Eclipse Tools for Spring: The SpringSource Tool Suite

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Eclipse Tools for Spring

The SpringSource Tool Suite

By Gordon Dickens

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The Essential SpringSource Tool Suite Cheat Sheet

This cheat sheet covers the SpringSource Tool Suite (STS), an Eclipse-based IDE that includes many useful Spring developer plugins out of the box. These tools include visual editors, project validators, and a Spring dashboard. The suite can be used for development in Spring Roo, Groovy, Grails, Gradle, Spring tcServer, and Spring Insight. This Refcard will walk you through installation, configuration, validation, Bean navigation, Spring Aspect Oriented Programming, and analysis. Whether youre new to Spring development or a veteran on the framework, you need to get your hands on this card.
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Eclipse Tools for Spring: The SpringSource Tool Suite

Eclipse Tools for Spring:The SpringSource Tool Suite

By Gordon Dickens, Chariot Solutions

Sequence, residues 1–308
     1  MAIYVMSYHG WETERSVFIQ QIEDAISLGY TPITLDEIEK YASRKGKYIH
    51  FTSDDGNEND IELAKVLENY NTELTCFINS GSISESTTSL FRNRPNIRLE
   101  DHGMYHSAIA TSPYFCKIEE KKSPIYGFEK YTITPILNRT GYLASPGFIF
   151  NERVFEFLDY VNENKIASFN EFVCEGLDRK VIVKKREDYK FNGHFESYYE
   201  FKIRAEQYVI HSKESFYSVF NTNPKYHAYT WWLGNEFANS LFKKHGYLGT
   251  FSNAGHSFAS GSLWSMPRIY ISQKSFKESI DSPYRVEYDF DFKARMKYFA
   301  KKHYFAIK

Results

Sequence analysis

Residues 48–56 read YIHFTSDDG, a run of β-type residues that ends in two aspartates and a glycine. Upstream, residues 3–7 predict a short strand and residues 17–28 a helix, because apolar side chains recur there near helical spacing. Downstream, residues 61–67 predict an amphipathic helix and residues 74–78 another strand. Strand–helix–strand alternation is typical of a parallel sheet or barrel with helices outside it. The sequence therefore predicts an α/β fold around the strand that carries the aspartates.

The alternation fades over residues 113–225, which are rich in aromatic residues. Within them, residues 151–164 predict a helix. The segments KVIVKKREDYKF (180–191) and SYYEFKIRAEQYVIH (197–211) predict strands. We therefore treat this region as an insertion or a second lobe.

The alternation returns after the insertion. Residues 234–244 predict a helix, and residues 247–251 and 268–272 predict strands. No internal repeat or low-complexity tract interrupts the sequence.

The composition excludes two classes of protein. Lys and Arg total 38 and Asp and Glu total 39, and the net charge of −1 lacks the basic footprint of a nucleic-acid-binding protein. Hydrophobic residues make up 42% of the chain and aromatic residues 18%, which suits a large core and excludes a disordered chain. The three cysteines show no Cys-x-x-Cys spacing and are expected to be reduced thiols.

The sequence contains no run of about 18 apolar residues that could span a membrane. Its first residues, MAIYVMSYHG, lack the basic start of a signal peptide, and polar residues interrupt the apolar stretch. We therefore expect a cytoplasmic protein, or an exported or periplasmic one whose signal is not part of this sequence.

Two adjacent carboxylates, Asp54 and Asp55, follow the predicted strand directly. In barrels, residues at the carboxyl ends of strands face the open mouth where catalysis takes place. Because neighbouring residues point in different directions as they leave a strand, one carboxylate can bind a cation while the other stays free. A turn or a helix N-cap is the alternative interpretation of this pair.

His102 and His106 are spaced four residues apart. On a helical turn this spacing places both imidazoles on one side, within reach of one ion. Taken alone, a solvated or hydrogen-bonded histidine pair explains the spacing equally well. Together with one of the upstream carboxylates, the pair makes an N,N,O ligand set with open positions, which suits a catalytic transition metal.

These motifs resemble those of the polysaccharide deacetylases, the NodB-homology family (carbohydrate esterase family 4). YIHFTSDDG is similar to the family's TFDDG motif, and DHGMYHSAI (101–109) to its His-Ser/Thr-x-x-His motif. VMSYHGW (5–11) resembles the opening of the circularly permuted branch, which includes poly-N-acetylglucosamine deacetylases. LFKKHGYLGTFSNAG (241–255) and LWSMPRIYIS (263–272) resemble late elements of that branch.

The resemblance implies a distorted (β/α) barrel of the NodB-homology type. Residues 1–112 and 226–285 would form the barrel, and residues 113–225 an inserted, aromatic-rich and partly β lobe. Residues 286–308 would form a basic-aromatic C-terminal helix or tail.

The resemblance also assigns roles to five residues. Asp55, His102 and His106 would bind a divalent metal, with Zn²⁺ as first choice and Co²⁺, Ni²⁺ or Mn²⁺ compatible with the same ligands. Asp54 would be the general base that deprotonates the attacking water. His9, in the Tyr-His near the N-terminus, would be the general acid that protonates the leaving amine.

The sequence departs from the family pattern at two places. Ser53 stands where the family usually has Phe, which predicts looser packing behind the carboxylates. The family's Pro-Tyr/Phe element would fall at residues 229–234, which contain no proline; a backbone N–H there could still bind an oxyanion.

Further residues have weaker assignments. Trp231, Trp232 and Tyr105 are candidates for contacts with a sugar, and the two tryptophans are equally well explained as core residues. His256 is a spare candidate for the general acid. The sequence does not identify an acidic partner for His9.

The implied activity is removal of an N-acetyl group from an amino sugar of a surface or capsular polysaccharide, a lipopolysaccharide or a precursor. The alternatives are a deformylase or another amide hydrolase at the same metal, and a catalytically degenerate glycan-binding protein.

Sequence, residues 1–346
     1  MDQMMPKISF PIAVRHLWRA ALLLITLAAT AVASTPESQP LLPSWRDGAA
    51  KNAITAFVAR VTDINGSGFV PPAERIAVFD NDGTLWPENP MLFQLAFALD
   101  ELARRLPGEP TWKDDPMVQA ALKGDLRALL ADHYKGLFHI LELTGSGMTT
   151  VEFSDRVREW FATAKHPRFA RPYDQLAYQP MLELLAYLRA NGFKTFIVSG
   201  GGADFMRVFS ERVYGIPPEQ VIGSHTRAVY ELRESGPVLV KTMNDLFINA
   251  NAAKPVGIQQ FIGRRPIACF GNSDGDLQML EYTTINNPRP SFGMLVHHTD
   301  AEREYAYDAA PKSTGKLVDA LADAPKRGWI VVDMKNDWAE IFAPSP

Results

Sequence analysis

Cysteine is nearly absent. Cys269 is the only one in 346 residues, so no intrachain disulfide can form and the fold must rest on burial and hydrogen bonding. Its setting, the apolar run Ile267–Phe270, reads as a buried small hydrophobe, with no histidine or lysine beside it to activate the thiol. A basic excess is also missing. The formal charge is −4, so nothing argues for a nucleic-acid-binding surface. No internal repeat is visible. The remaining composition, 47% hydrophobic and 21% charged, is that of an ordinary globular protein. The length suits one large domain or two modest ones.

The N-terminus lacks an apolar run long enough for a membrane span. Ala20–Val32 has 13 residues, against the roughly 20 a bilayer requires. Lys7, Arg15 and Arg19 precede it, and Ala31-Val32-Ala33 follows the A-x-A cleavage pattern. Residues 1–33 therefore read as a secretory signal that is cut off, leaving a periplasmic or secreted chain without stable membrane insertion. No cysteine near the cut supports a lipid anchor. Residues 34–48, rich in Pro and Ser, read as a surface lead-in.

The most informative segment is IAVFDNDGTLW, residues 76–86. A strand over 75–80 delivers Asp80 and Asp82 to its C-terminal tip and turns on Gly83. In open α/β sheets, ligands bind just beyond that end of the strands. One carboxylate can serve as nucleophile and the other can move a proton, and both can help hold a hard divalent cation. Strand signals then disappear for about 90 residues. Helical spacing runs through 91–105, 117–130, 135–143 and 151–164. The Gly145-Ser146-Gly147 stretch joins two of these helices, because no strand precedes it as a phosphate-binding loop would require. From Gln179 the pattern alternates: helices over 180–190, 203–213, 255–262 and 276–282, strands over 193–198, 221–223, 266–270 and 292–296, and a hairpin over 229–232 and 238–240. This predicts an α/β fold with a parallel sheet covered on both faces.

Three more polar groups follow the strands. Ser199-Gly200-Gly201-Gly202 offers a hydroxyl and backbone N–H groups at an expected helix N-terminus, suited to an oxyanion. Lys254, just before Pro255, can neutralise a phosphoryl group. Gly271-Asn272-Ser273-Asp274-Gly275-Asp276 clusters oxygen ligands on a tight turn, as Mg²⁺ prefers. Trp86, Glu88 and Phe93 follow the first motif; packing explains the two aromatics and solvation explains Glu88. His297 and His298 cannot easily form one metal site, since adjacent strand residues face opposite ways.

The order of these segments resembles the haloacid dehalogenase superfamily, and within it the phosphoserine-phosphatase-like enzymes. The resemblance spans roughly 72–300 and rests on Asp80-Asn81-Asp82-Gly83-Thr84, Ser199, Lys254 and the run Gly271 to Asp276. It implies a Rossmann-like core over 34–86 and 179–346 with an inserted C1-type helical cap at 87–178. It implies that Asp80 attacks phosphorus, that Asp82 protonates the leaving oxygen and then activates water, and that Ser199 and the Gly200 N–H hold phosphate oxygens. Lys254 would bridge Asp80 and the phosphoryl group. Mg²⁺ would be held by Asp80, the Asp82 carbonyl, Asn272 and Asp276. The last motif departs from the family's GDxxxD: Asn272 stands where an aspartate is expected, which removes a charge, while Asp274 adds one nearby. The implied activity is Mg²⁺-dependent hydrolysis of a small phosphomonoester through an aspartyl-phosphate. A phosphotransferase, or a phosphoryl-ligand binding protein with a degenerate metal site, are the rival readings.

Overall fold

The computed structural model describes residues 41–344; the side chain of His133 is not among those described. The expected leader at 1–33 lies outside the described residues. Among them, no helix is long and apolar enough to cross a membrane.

ABOUT SPRINGSOURCE TOOL SUITE

SpringSource Tool Suite (STS) is an Eclipse-based IDE with pre-installed plugins that provides valuable features for Spring developers. In addition to support for the core Spring framework, STS also provides visual editors, project validators, and Spring Dashboard for other projects such as Spring Roo, Grails, Groovy, Gradle, tcServer, and Spring Insight.

The main plugin for STS is Spring IDE, which provides the fundamental Spring tooling features. STS comes preconfigured with many other plugins such as M2Eclipse for Maven, Web Tools Platform (WTP), Data Tools Platform (DTP), and AspectJ Development Tools (AJDT) and JUnit tooling.

Why use STS?

  • Content aware XML Spring Bean editing and refactoring
  • Content-aware Spring shortcuts for Java classes
  • Visualizers for graphical configuration editing
  • Validators for project configuration
  • Dashboard
  • Spring tcServer and Insight
Getting STS

STS is available from SpringSource: http://www.springsource.com/developer/sts

STS version numbers are different than the Eclipse versions. When choosing versions from the Spring site, go the current version of STS to see the supported Eclipse versions.